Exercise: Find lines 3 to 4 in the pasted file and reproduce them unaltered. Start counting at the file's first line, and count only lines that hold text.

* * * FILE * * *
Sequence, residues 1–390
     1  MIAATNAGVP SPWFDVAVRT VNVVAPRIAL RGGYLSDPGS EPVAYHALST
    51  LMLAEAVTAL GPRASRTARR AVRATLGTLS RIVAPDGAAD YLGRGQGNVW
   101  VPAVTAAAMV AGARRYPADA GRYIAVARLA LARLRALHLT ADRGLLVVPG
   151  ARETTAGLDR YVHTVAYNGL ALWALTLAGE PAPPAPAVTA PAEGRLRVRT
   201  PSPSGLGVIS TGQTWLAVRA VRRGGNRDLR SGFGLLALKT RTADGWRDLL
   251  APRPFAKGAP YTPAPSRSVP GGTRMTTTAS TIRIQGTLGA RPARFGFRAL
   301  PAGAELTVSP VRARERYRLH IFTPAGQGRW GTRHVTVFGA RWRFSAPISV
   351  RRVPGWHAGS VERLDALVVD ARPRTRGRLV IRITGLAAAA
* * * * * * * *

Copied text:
    51  LMLAEAVTAL GPRASRTARR AVRATLGTLS RIVAPDGAAD YLGRGQGNVW
   101  VPAVTAAAMV AGARRYPADA GRYIAVARLA LARLRALHLT ADRGLLVVPG